Thursday, January 28, 2010

"Suffering is a gift. In it is hidden mercy." -Rumi

It is amazing to recall the ups and downs over the last five years of my life. I went through a rough divorce and found comfort in all the wrong places. That was the jumping off point for a downward spiral. Too many vices, too little time. I had family (i.e. parental) troubles thrown on top of that emotional heap. After being torn every which way and trying to make sense of it all, a bright light shone into my life. I was introduced to Islam. I fell in love with the Beloved and everything began to change.
I moved to Egypt. I became a Muslim. I got married and I now have the most wonderful people in my life. It was a year of changes.
"The highs are hidden in the lows. Spring is imminent in fall. Don't run away from anything." -Rumi

Sunday, January 17, 2010

The Essential Rumi by Coleman Barks

Although Rumi has been dead for over 700 years, his poetry still resonates across the globe and deep within the mystical Islamic tradition of Sufism. I felt like sharing my love of this beloved poet and wonderful author by quoting a few lines from The Essential Rumi.

Quote from "A Basket of Fresh Bread" -Rumi                                        

"Don't feed both sides of yourself equally. The spirit and the body carry different loads and require different attentions.

Too often we put saddlebags on Jesus and let the donkey run loose in the pasture.

Don't make the body do what the spirit does best, and don't put a big load on the spirit that the body could easily carry."

copyright 2004 by Coleman Barks

"Perhaps the world's greatest spiritual poet-the gold of Rumi pours down through Coleman's words. The words leap off the page and dance!"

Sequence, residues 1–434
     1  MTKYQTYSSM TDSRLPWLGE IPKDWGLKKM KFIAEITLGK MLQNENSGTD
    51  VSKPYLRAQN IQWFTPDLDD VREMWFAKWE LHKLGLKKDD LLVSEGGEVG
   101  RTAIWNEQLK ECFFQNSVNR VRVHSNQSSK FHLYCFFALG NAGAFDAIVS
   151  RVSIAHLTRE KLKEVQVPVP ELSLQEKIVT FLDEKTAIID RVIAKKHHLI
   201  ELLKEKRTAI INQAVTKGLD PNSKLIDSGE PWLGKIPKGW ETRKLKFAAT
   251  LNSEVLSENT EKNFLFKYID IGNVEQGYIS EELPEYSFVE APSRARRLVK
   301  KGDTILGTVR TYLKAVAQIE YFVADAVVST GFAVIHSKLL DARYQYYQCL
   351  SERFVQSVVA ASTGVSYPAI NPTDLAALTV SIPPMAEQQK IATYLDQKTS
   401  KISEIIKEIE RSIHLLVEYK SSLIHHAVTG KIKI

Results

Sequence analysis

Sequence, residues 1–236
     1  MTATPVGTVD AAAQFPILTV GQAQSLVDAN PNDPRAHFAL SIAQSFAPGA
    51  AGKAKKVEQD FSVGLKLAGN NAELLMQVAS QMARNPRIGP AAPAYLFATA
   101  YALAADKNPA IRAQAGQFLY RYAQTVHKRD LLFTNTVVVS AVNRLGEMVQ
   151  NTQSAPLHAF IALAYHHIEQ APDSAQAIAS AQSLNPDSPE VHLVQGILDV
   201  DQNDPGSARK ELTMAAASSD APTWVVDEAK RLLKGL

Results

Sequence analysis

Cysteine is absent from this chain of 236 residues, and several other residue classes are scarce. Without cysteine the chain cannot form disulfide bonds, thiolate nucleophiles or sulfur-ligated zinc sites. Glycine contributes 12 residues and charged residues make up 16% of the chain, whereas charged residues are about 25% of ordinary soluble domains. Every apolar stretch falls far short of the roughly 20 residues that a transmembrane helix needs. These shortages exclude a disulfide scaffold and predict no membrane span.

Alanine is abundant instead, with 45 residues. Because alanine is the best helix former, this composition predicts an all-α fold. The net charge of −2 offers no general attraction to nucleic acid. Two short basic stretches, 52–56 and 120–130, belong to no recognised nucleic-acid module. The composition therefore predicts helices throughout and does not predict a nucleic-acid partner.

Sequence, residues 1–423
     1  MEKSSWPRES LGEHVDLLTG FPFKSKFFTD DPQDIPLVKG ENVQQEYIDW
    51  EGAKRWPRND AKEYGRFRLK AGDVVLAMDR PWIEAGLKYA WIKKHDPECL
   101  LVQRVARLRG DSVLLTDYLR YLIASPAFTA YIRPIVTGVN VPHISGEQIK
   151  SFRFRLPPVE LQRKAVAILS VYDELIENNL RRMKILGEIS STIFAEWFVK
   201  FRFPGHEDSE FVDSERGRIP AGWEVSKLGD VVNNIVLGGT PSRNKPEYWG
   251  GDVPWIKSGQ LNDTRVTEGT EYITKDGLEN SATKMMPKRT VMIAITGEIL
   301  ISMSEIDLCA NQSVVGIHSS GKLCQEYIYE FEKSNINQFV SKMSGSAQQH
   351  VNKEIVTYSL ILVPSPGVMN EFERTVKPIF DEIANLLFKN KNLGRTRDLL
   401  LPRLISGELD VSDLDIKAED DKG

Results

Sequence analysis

-Jack Kornfield, author of A Path with Heart

"At the end of our wanderings there is only the soul's yearning to return to God. No one speaks that yearning better than rumi. No one, these days, does Rumi better than Colemen Barks."
-Ram Dass, author of Be Here Now

"Through Coleman Bark's inspiried renderings, we tired, modern people have come not only to love Rumi, but even-a little-to love who and what Rymiu himself loved."
-Jacob Needlemen, author of The Heart of Philosphy

Other titles by Coleman Barks:

The Soul of Rumi
Rumi: The Book of Love
The Drowned Book

Friday, January 15, 2010

Mission Statement... of sorts.

I decided to start this blog, not only to keep a journal of my studies, but as a way to sort my thoughts. Sometimes it's like a multi-train collision in my head, especially when I am talking about religion or philosophy. So many thoughts all converge at one point, which causes me to forget where I began my line of questioning or reasoning. At times, I get so bogged down with inexhustible resources that I have to just stop everything, refocus, and delve into the subject again.

Islam is a recent passion that I share with millions worldwide. When I say recent, I mean that I have only been a Muslim for approximately 2 years. These two years have not been easy. Prior, I had been a Christian for 8 years, I dabbled in Buddhism, and for a while I was not of any denomination and even hated any organized religion. In some ways, I still hate the idea of organized religion.

When a friend told me about Islam, I didn't really listen as someone who wanted religion. I merely debated with that person regarding religion and everything under the sun. One day, alhamdulilah (thanks be to God), I found myself really listening and understanding. I was thirsty for this knowledge and began seeking more information. I knew then I had to be a part of this greatness, a part of His greatness. I began to love God, to want Him in my life. It even felt good to pray again.

I brought with me a lot of emotional and religious baggage, which I wish I could have left at the door, so to speak. Although, I think this "baggage" is carried by everyone who has ever changed, or thought about changing, religions. It would have been ideal if I could have erased my previous religious imprint and started anew. Even now, two years later, I can't help but interject Christian thinking or other secular information into my learning of Islam. It causes me to question and doubt, at times, what it is I am doing. Then, I remember why I began this journey. I was incomplete. My questioning and doubt is a way for me to strengthen my belief through the answers that I find. Thus, my arduous and rewarding path to Allah was founded.

So, here's to my attempts to make sense of it all, and find myself in the Beloved, insh'Allah (God willing).